Like Psikyo’s earlier games with a narrative component, there are storylines for both solo characters and specific pairs in two-player mode; in the Switch port, it is possible to play a two-player story as a solo player, too, so even if you don’t have anyone to play with you can still enjoy all the possible endings. Beating the final boss also once again presents solo characters with a binary choice, presenting further longevity for those who want to see everything the game has to offer.

Sadly, unlike its predecessor, the Switch version lacks the voice acting that was added to some of the ports of Gunbird 2 over the years, which leaves the villains of the hour feeling a little flat compared to the first game’s ridiculous group of antagonists. Although in what is perhaps an unintentional bit of humour, none of the playable characters even so much as vaguely acknowledge the villains in any of their dialogue, despite the majority of the enemies in the game sporting their logo; everyone has their own selfish interest in seeking the cure-all medicine, it seems, and no-one, not even the “Queen Pirates” will stand in their way!

As with previous Psikyo games, each character feels distinct enough from the others to make every playthrough a noticeably different experience, and practice with each cast member is very much necessary to truly master the game. The differences are probably most apparent with the charge attacks, which vary enormously from one character to another. Alucard fires a barrage of homing bats, for example, while Marion shoots out a narrow series of powerful fireballs and Valpiro blasts out a pair of drones that slowly move up the screen, relentlessly firing spread shots as they go.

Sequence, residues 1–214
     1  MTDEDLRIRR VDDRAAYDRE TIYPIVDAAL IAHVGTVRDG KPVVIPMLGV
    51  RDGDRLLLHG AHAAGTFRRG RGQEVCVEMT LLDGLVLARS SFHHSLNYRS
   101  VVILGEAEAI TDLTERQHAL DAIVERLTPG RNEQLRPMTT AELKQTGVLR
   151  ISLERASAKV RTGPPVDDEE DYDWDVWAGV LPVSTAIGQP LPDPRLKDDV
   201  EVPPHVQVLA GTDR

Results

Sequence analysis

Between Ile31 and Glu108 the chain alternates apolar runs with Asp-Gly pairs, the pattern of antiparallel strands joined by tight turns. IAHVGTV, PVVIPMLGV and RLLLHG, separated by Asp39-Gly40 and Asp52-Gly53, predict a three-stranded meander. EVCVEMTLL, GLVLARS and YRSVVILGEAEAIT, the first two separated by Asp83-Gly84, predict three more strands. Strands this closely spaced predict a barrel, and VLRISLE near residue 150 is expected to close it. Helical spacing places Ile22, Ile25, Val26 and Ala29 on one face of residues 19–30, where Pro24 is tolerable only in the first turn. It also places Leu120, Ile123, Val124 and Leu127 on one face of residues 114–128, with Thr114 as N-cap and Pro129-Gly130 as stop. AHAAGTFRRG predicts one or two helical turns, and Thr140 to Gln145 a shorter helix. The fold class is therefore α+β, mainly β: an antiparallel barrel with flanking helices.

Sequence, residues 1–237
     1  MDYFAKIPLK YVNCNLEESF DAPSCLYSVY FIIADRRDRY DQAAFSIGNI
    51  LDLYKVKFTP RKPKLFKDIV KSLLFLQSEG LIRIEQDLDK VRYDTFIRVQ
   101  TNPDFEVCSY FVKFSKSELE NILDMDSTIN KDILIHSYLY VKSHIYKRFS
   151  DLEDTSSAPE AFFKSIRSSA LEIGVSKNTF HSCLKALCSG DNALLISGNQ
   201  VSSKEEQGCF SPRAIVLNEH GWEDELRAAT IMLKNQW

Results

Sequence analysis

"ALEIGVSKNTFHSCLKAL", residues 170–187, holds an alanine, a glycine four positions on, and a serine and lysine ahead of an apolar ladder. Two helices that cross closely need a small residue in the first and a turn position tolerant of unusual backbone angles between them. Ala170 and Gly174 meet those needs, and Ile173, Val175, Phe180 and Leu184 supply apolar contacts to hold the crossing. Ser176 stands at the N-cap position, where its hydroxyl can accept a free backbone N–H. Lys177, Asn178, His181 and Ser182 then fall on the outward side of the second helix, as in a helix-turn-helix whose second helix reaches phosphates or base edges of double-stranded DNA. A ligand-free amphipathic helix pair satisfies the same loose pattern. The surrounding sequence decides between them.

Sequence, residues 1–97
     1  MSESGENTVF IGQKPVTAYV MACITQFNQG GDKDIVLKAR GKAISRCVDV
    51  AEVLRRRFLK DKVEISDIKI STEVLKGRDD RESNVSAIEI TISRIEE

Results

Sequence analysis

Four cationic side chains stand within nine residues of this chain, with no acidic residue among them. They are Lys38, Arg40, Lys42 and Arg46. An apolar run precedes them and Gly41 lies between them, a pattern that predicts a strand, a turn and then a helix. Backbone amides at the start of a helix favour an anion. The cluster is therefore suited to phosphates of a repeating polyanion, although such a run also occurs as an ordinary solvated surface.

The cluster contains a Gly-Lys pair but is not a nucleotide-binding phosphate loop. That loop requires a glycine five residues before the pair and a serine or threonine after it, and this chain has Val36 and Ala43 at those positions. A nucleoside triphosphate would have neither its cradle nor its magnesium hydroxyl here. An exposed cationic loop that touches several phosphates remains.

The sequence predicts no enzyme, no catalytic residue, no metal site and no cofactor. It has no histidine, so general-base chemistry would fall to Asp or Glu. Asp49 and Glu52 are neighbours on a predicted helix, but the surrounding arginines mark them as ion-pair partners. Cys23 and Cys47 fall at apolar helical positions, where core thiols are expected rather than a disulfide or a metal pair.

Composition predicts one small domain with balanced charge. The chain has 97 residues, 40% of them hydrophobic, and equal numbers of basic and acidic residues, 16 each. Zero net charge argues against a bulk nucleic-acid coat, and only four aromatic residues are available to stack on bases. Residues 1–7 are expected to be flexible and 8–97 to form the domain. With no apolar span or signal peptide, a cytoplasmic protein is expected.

In classic Psikyo tradition, the boss fights are a real spectacle, generally consisting of a battle against a vehicle of some sort which then transforms or releases some sort of giant robot. There are plenty of bits to blow off each boss for bonus points — or just to calm the bullet patterns down a bit — and the animation on each is beautiful, especially in the later stages of the game. These fancy setpieces are complemented by the same wonderful level of background detail and animation seen in the previous game; it’s a delight to see tiny people running around on the ground as you fly over their heads, blowing up all and sundry.

The final boss is absolutely bizarre, though; taking the form of an elephant god that parodies “Sato-chan”, the mascot of a Japanese pharmaceutical company — remember, everyone in the game is searching for “medicine” of some description — it might initially seem oddly incongruous and somewhat anticlimactic. Then you remember all the other absolutely bonkers stuff this game has thrown at you up until this point and it doesn’t seem quite so strange any more.

Like its predecessor, Gunbird 2 is a pleasingly accessible shoot ’em up, offering a wide range of difficulty levels for everyone from casual shoot ’em up enthusiasts to the more hardcore. Once again, the Switch port lacks online leaderboards and a replay function, but as with the other games in the Psikyo Shooting Stars collections, for many people this will be a small price to pay for the opportunity to enjoy these classics on modern hardware — including in TATE mode if you have an appropriate setup or are happy to play handheld.

It’s easy to see why Gunbird 2 is a firm favourite of so many people. It’s colourful, it’s cheerful and it’s just plain fun. It represents Psikyo at its absolute best, and is a game that will keep you entertained for a good long while, even with each playthrough only taking 10-15 minutes or so!

More about Gunbird 2
More about Psikyo Shooting Stars Bravo